RenderKits - A RenderKit is a library of renderers. A render customizes the encoding and decoding for a specific client device or localized application user. A RenderKit can implement a look and feel (called a skin), target specific devices, such as a phone, PDA, or markup language, for example, WML, HTML, or SVG. In a JavaServer Page (JSP), a RenderKit is represented as a custom tag library. For detailed information on RenderKits, see the Sun JavaServer Faces Specification.
Validators - A validator defines a set of standard classes for performing common data validation checks. For example, a phone number input field must be numbers. A component can have one or more validators.
6. Adding Other Elements
On the Others tab, you can add the following elements to the configuration:
Action Listeners - The action-listener element contains the fully qualified class name of the concrete ActionListener implementation class called during the Invoke Application phase of the request processing lifecycle.
Default Render Kit ID - The render-kit element represents a concrete RenderKit implementation that should be registered under the specified render-kit-ID. If no render-kit-id is specified, the identifier of the default RenderKit (RenderKitFactory.DEFAULT_RENDER_KIT) is assumed.
Local Config - These represent the locales that you want your Web application to support.
Message Bundle - Message bundle is the base name of a resource bundle representing the message resources of the Web application. See the java.util.ResourceBundle class at http://java.sun.com for information on the syntax of resource bundle names.
Navigation Handler - The navigation-handler element contains the fully qualified class name of the concrete NavigationHandler implementation class called during the Invoke Application phase of the request processing lifecycle, if the default ActionListener, which is provided by the JavaServer Faces (JSF) implementation, is used.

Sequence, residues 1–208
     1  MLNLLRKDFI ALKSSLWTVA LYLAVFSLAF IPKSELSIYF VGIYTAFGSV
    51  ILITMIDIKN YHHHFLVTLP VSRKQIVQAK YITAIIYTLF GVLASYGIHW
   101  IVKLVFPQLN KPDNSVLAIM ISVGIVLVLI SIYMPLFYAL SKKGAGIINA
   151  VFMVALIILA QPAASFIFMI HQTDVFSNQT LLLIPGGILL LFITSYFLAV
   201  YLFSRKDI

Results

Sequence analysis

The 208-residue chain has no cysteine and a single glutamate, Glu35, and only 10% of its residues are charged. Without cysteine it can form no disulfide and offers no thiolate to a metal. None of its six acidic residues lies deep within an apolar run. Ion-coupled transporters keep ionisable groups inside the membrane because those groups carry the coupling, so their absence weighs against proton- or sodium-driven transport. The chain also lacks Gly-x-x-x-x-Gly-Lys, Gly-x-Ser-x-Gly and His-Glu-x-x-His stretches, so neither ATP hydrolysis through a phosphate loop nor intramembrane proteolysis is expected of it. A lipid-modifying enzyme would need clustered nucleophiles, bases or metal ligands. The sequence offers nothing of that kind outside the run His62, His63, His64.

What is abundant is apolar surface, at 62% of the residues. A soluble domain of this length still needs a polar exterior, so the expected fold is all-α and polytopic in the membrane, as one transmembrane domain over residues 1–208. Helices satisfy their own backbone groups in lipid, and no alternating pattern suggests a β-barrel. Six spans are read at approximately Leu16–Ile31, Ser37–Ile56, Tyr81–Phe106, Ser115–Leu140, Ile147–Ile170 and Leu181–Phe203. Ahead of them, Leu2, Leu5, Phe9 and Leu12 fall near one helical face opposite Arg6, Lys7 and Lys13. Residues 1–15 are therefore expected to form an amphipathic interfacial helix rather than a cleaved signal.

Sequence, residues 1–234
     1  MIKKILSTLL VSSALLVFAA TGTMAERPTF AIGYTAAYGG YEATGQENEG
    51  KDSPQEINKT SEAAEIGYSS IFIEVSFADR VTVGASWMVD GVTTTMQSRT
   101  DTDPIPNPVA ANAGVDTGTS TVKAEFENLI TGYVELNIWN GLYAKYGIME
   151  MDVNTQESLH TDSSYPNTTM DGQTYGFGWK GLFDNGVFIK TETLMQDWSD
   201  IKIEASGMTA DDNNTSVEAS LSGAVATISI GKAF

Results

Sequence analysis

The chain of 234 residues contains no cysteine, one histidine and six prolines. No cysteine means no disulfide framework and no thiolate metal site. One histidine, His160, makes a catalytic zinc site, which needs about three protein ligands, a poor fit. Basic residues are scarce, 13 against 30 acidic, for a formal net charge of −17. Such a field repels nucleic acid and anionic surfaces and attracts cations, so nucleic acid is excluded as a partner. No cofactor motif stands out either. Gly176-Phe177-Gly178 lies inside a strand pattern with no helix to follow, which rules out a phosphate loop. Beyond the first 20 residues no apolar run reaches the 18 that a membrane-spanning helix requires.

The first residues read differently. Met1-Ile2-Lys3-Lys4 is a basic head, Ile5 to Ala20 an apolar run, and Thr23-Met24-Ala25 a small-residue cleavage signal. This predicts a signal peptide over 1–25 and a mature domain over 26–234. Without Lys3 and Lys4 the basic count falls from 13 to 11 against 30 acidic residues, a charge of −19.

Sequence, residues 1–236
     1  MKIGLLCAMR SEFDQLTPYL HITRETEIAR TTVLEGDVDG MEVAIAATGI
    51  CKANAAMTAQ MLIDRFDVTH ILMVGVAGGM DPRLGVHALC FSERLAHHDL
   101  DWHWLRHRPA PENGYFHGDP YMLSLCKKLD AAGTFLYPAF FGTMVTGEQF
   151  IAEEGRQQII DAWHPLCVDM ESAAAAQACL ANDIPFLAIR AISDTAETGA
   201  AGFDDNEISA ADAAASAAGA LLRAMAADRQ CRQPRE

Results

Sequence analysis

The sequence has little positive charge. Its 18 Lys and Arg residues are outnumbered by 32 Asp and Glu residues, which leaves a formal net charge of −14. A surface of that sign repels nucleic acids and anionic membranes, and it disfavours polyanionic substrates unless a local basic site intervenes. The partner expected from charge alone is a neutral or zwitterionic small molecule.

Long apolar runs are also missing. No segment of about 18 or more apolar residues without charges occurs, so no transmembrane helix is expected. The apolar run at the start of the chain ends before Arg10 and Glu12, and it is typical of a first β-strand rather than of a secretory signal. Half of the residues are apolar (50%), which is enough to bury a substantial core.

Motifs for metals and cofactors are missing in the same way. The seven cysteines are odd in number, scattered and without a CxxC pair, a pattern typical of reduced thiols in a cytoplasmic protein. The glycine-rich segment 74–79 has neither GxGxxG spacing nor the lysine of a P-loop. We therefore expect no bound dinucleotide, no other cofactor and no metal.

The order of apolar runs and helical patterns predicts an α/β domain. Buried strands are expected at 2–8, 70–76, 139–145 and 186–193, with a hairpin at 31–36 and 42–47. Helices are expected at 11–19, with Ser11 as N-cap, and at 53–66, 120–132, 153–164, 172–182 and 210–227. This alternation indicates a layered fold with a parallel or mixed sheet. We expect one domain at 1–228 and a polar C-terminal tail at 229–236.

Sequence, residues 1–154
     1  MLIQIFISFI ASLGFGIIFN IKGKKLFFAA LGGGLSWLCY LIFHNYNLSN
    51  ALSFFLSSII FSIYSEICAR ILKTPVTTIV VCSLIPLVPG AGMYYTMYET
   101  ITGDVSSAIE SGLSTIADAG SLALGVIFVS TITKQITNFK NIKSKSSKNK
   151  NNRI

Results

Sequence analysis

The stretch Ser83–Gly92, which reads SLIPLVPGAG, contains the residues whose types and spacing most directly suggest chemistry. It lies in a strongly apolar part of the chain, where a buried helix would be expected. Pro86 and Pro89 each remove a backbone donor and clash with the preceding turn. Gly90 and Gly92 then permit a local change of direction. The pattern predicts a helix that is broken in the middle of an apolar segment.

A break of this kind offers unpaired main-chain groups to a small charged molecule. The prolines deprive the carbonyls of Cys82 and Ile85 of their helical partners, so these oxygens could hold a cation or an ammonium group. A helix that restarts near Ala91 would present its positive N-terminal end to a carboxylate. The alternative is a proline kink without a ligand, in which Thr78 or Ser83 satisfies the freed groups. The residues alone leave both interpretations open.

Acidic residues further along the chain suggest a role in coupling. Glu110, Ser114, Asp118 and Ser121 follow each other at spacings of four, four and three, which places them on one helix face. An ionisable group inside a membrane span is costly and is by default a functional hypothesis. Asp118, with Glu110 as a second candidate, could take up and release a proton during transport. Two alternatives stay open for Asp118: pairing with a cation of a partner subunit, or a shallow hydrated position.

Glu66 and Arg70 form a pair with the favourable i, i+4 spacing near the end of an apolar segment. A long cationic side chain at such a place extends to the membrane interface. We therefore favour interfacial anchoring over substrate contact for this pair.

Property Resolver - Define a property resolver as the default for the Web application. The property-resolver element contains the fully qualified class name of the concrete PropertyResolver implementation class used during the processing of value reference expressions.
State Manager - Define a custom state manager to use as the default for the Web application.
Variable Resolver - The variable-resolver element contains the fully qualified class name of the concrete VariableResolver implementation class used during the processing of value reference expressions.
View Handler - The view-handler element contains the fully qualified class name of the concrete ViewHandler implementation class called during the Restore View and Render Response phases of the request processing lifecycle. The faces implementation must provide a default implementation of this class.
Application Factory - The application-factory element contains the fully qualified class name of the concrete ApplicationFactory implementation class called when FactoryFinder.getFactory(APPLICATION_FACTORY) is called.
Faces Context Factory - The faces-context-factory element contains the fully qualified class name of the concrete FacesContextFactory implementation class called when FactoryFinder.getFactory(FACES_CONTEXT_FACTORY) is called.
Lifecycle Factory - The lifecycle-factory element contains the fully qualified class name of the concrete LifecycleFactory implementation class called when FactoryFinder.getFactory(LIFECYCLE_FACTORY) is called.
RenderKit Factory - The render-kit factory element contains the fully qualified class name of the concrete RenderKitFactory implementation class called when FactoryFinder.getFactory(RENDER_KIT_FACTORY) is called.
Phase Listener - The phase-listener element contains the fully qualified class name of the concrete PhaseListener implementation class registered on the Lifecycle.
The Source page of the JSF Config Editor is based on the MyEclipse XML Editor, but has additional features. One additional feature is code assist for class names for the managed-bean-class element.
Note: In JSF 2.0 and higher, managed beans can be configured using the @ManagedBean annotation in the Java class, rather than in the faces-config.xml file.
Because the JSF Config Editor is based on the MyEclipse XML Editor, it also picks up code assist, documentation, and validation for all faces-config elements.
Validation for faces-config XML elements is also available in the JSF Config Editor.